Thursday, March 22, 2007

Andreas Gursky, 'Bahrain I', 2005, 306 x 221.5 cm, C-Print

Andreas Gursky´s motifs are photographed using both analog and digital methods. Employing the many shots taken this way, the final image is composed using digital technology. Andreas Gursky's works, therefore, are not classical documentary photographs that attempt to portray objects with the greatest possible likeness by making use of the medium, but, rather, are fictions based on facts.

Andreas Gursky, '99 Cent', 1999, Chromogenic color print, 6 ' 9 1/2" x 11' (207 x 337 cm).

Two weeks after breaking the record for the world's most expensive photograph at Sotheby's ('99 Cent II', a photographic diptych of an American supermarket sold for £1,700,000) Gursky opened his first museum show in Germany for nine years and the largest exhibition of his work to date. One of the first photographers to make large-scale pictures, Gursky has gone a stage further for this show by enlarging his images still further - the largest now measure almost 2 metres by 5 metres.

The photographs are often taken from a slightly elevated perspective. This vantage point displays the local contexts as entities that are often unusual to the viewer. Sometimes the artist presents his motifs simultaneously from above and at an angle or from above and from below, thereby creating an artificial, privileged perspective, which allows the viewer to float weightlessly above the subject matter, enabling him to view the objects from an idealized perception that he is normally denied. In this way the artist implies an availability and accessibility that does not, in fact, exist in reality. The unusual popularity of Andreas Gursky's works is based in part on this type of accessibility.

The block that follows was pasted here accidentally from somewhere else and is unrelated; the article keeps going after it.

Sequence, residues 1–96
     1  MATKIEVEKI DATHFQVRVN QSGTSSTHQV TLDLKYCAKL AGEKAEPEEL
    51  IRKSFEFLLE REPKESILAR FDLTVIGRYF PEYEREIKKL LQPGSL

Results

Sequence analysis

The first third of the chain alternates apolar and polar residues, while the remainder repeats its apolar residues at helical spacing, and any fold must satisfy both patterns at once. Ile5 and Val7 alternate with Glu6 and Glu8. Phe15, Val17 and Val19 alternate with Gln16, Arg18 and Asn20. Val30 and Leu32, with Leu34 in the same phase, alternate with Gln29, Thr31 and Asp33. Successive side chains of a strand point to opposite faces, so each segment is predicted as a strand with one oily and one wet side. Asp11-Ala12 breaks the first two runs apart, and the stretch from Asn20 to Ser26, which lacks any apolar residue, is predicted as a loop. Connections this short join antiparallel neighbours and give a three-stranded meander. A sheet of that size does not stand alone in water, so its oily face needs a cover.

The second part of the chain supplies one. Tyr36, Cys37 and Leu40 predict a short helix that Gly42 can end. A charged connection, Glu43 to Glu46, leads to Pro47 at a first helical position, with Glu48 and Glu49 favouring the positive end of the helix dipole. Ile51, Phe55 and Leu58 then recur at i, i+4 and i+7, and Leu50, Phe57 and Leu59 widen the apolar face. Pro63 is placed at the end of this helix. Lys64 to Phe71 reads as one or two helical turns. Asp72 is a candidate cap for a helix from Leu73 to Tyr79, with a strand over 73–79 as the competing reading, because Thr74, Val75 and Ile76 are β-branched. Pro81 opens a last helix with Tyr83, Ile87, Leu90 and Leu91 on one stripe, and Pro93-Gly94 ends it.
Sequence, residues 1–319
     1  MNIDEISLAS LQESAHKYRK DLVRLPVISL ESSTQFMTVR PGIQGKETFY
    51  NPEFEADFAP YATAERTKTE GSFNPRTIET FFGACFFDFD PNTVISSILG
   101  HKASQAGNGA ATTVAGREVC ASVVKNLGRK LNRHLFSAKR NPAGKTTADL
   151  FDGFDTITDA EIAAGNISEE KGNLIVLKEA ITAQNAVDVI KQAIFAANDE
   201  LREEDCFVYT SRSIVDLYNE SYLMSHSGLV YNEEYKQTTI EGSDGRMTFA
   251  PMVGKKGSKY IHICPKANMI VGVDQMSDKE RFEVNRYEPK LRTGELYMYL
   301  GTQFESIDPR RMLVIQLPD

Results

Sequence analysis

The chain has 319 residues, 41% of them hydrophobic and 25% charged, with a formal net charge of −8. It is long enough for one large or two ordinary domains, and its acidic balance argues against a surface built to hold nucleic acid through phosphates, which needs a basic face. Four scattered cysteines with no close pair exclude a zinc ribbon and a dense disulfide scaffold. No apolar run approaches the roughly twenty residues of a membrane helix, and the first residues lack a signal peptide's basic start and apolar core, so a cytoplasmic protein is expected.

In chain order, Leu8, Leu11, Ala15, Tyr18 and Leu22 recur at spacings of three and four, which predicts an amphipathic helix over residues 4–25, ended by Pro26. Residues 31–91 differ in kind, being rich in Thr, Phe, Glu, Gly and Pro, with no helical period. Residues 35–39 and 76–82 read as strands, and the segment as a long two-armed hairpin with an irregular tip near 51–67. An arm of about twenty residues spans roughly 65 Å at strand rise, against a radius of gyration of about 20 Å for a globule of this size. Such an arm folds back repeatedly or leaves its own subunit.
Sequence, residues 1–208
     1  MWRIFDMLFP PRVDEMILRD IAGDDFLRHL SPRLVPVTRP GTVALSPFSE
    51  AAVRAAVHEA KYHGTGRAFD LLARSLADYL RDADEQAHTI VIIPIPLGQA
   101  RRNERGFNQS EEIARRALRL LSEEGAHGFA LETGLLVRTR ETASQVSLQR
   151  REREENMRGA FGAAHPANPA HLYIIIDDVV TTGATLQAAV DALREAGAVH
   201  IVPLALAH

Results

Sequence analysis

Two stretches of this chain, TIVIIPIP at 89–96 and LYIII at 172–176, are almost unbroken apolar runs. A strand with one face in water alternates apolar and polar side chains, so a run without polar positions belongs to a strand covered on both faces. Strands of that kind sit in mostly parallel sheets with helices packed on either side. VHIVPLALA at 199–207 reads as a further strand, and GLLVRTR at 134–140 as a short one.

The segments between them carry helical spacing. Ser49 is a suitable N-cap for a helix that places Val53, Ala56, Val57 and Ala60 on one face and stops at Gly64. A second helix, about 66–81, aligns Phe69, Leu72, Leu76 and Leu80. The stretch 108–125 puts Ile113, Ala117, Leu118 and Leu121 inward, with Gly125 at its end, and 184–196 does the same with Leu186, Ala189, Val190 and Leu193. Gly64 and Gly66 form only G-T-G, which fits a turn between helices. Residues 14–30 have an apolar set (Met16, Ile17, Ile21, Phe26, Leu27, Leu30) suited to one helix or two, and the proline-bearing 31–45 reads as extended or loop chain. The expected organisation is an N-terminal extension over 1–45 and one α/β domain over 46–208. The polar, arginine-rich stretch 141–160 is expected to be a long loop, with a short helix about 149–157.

continue reading at Saatchi´s blog
where you can also find an essay by Thomas Weski, Chief Curator at Haus der Kunst, who is responsible for the show.

Andreas Gursky, 'Pyongyang I', 2007, 307 x 215.5 cm, C-Print

The exhibition is on at the Haus der Kunst until 13 May. It will then travel to Istanbul Modern and Sharjah Art Museum.

all pics courtesy Monika Sprüth / Philomene Magers


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